The National Association for Gifted Children recently honored Megan Parker Peters, assistant professor of education and director of teacher education and assessment at Lipscomb University, with a Hollingworth Award for her research on gifted education during the NAGC’s 63rd Annual Convention at Disney’s Coronado Springs Resort in Florida in November.
The Hollingworth Award is an international award that recognizes educational and psychological research studies of potential benefit to gifted and talent students.
Honored alongside Peters for this award was Emily Mofield, lead consulting teacher for gifted education for Sumner County Schools. Within their research, Peters and Mofield explored the relationship between achievement-motivation, perfectionism and underachievement in gifted students.
“We are honored to have our work recognized as a meaningful contribution to the field,” said Mofield. “We hope our findings will guide efforts in reversing underachievement and promoting positive affective development among gifted students.”
“We are excited to continue to learn more about the affective needs and development of intellectually gifted children,” said Peters added.
With a Bachelor of Science degree in psychology from Middle Tennessee State University, as well as a Master of Arts in Applied Educational Psychology and Ph.D. in School Psychology from the University of Tennessee, Peters’ areas expertise include Assessment and intellectually gifted children and her primary research interest areas include academic and social-emotional needs of intellectually gifted children and assessment data.
In August 2014, Peters received the Early Childhood Division Grant Award from NAGC, and has been a nationally certified school psychologist, designated by the National Association of School Psychologists since 2010.
Peters has also published several articles with Mofield including “The Relationship Between Over excitabilities and Perfectionism in Gifted Adolescents, in the Journal for the Education of the Gifted as well as “Multidimensional perfectionism within gifted adolescents: An exploration of typology and comparison of samples” in the Roeper Review, 37, 97-109 in 2015. In 2014, Peters independently published an article titled “What every psychologist should know about gifted children” in the National Association for Gifted Children—Early Childhood Division Newsletter, and in 2013, published an article with T. Stambaugh titled “Do you know this child? A checklist for identifying promising students of poverty” for Vanderbilt University.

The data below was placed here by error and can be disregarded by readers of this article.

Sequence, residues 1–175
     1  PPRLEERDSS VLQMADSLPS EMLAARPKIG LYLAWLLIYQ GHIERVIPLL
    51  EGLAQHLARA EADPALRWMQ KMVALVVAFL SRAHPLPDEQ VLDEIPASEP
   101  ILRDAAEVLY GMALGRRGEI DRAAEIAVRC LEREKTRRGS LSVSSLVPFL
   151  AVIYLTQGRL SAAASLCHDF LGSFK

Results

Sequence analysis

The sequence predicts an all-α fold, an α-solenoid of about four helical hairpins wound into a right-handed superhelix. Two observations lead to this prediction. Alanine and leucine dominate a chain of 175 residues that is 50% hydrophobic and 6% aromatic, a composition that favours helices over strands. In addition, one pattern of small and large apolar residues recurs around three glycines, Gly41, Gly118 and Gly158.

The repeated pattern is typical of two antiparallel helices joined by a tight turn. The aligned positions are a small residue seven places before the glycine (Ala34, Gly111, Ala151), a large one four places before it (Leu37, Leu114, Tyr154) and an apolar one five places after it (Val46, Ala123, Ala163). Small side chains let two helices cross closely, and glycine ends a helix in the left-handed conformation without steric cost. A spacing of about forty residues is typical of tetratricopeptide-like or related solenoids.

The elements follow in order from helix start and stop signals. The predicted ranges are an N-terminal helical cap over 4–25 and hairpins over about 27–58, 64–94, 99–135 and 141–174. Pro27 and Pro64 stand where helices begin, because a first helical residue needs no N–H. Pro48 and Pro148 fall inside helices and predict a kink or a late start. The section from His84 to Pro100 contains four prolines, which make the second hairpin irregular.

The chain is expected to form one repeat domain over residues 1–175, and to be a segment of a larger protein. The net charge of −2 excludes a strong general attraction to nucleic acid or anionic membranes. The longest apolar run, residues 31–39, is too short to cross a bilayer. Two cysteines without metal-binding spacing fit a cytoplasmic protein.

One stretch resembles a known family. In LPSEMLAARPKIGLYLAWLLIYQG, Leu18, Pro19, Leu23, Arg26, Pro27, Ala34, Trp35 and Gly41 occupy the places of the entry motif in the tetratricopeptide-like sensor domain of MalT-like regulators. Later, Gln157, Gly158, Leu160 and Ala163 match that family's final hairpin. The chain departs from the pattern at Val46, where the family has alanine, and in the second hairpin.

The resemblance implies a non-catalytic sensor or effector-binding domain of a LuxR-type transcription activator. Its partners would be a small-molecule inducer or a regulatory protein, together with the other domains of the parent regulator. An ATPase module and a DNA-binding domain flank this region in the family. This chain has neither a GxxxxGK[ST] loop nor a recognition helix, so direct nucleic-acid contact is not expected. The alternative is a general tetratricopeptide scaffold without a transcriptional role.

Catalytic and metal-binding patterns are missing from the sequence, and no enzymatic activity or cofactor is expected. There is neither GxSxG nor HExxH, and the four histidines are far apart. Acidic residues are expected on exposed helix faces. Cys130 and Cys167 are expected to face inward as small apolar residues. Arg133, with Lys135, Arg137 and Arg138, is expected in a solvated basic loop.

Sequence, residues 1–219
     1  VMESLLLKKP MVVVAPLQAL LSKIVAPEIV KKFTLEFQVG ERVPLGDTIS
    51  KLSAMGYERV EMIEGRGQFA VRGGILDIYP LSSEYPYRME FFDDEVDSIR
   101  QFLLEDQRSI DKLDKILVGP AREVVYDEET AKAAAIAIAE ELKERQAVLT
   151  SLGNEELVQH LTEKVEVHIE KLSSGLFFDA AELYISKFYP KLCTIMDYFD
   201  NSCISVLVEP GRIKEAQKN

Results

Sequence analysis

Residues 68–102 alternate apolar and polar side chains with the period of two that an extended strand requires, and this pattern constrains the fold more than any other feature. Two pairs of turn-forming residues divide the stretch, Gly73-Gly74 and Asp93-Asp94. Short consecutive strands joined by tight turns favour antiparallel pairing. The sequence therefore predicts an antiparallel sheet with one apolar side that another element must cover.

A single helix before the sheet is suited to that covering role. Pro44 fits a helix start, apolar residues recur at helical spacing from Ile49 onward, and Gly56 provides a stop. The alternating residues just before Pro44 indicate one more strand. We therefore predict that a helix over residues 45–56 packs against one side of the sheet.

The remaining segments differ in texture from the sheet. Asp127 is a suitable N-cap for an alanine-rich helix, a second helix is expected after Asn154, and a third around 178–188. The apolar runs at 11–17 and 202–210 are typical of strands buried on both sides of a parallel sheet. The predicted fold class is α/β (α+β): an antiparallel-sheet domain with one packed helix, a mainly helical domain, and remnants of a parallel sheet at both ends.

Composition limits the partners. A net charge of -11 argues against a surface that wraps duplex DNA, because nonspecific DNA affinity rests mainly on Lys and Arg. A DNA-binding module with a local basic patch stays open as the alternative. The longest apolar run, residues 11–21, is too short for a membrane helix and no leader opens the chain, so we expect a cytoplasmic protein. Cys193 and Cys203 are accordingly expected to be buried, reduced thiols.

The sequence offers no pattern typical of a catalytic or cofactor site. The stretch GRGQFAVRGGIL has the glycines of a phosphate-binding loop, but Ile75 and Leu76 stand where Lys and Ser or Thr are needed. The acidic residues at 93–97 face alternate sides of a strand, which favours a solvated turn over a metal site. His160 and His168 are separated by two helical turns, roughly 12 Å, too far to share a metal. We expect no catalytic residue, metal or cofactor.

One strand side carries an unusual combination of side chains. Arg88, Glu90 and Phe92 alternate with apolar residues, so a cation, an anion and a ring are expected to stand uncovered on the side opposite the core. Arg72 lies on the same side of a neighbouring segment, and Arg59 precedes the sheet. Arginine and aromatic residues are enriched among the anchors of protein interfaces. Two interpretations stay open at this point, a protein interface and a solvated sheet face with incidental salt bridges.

Before coming to Lipscomb, Peters served as the assistant director for Child & Family Services at Vanderbilt University’s Programs for Talented Youth from 2012-2015 and was the educational consultant and school psychologist for Vanderbilt University’s Programs for Talented Youth from 2010-2012.
Peters joined Lipscomb’s College of Education in June 2015, and teaches Research in Classroom Practice, Human Development & Learning as well as Introduction to Educational Leadership courses.
The National Association for Gifted Children is a membership organization whose mission is to support those who enhance the growth and development of gifted and talented children through education, advocacy, community building and research.
“NAGC is committed to providing opportunities and resources to better understand and serve gifted children,” said Rene Islas, NAGC Executive Director. “The awards program shines a light on those who are making a difference for gifted children.”
The NAGC receives many nominations and the Awards Committee does a thorough and thoughtful review of each candidate. Other award categories include the Ann F. Isaacs Founder’s Memorial Award, the President’s Award, Gifted Child Quarterly Paper of the Year, Doctoral Student Award, Early Leader Award, Early Leader Award, Early Scholar Award, Distinguished Service Award, Distinguished Scholar Award, NAGC David W. Belin Advocacy Award, Gifted Coordinator Award, Master’s Specialist Award and Community Service Award.